“Sometimes people call from a motel and say, ‘I just got run over by an 18-wheeler,’ and want us to send a big paycheck,” White said. “The funniest thing was during my workers’ compensation days when a guy came in and hired us and said, ‘I’m losing everything! Can your loan me $100?’ He had gone to 10 other lawyers and got $100 from each of them.”

White’s father Billy Bob was a sales representative for Humble, Enco and Exxon, supplying service stations and convenience stores, and his mother Phyllis Ann a secretary for the Federal Aviation Administration. He is an only child.

“I have been asked how I avoid malpractice, but that’s backward thinking,” White said. “You need to be open and honest with your clients. As long as you’re doing what you’re supposed to be doing and treating them right, everything else falls into place.

“Develop the case, work it up and tell them all the pluses and minuses so they can make all the important decisions. Always do your homework and be prepared.”

With chiropractor Mark Mehaffey, Dr. John Molland, United Fleet Sales owner Shan Johnson and District Attorney Bobby Bland, White often plays golf at Odessa County Club in games that the men say are as much jovial camaraderie as sport.

“Everybody sees the guy standing on top of the truck and yelling into the TV that if you’re hurt, call him,” Bland said. “But if you meet him one on one, you know he has a good heart and is a really good guy. He likes to laugh and is very funny.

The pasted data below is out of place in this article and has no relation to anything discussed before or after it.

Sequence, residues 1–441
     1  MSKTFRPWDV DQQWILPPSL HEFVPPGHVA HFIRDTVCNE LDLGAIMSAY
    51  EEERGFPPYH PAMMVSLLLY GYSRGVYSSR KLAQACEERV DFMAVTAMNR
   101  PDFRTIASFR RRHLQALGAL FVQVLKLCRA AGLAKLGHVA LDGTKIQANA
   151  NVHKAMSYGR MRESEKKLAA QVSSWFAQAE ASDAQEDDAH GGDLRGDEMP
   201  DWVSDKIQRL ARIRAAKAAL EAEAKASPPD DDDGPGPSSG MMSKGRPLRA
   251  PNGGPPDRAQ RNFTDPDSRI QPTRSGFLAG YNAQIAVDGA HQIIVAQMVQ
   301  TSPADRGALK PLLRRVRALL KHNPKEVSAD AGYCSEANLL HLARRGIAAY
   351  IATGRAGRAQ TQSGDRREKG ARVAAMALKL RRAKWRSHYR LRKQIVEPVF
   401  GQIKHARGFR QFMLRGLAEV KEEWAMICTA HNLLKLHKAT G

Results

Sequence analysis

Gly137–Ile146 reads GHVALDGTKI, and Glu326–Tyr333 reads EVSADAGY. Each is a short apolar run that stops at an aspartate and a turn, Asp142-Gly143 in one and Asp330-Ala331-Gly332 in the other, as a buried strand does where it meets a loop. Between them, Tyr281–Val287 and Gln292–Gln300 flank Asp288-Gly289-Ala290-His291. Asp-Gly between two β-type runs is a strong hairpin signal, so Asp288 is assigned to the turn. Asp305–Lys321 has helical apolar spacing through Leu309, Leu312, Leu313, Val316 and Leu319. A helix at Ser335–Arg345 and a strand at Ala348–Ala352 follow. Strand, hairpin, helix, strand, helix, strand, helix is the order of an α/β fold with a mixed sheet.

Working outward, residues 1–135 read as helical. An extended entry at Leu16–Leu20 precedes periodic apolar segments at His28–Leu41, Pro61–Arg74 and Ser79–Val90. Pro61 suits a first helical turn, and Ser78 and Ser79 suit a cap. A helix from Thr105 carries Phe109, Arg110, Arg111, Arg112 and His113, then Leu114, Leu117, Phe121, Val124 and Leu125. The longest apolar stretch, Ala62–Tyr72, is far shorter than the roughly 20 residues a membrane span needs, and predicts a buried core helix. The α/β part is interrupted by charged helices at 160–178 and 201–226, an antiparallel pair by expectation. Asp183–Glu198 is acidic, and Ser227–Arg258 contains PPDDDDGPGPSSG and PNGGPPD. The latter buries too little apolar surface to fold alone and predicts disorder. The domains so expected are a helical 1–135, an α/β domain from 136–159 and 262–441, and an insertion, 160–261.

“We just enjoy hanging out together. We don’t talk politics much because he is a Democrat and I’m a Republican, but other than that we get along well. Robert is one of those guys who is dedicated to what he does. He cares about his clients and is passionate about being a personal injury lawyer.

“He’s an upbeat guy who has a positive attitude about his work, his family and everything he does,” Bland said. “He is kind and generous and he and Lori throw great little dinner parties. My wife Heather and I are lucky to consider them friends.”

Johnson said White “is a wonderful guy with good morals who loves the Texas Longhorns.

“If Robert could buy burnt orange underwear, he would have it,” Johnson said. “I would honestly say that he bleeds burnt orange.”

Also avoiding political discussions with White, Johnson said he “is a great father and husband and a caring, compassionate friend.

“I didn’t know his father, but his mother was a very sweet lady,” Johnson said. “His wife has had the most positive influence of any person in his life. They’re very grounded and have always had a great marriage. They love each other just like the first day they met.”

The Whites had just returned from a vacation in Vail, Colo., and they ski at Beaver Creek, Colo., and Ruidoso, N.M., go to shows in Las Vegas, water surf at Lake LBJ and ride bicycles around Lady Bird Lake in Austin. “When I learned to ski at Ruidoso, they gave me a half-day’s lesson and took me to the top of a mountain,” said White, laughing.

“We went to Italy two years ago, but I would just as soon stay in the U.S. and see all of it.”

His recreational reading includes Brad Thor and James Patterson and he and Lori listen to recordings of novels in their car. “We’ve been listening to ‘28 Summers,’ which is a love story by Elin Hilderbrand,” he said.

Odessa, TX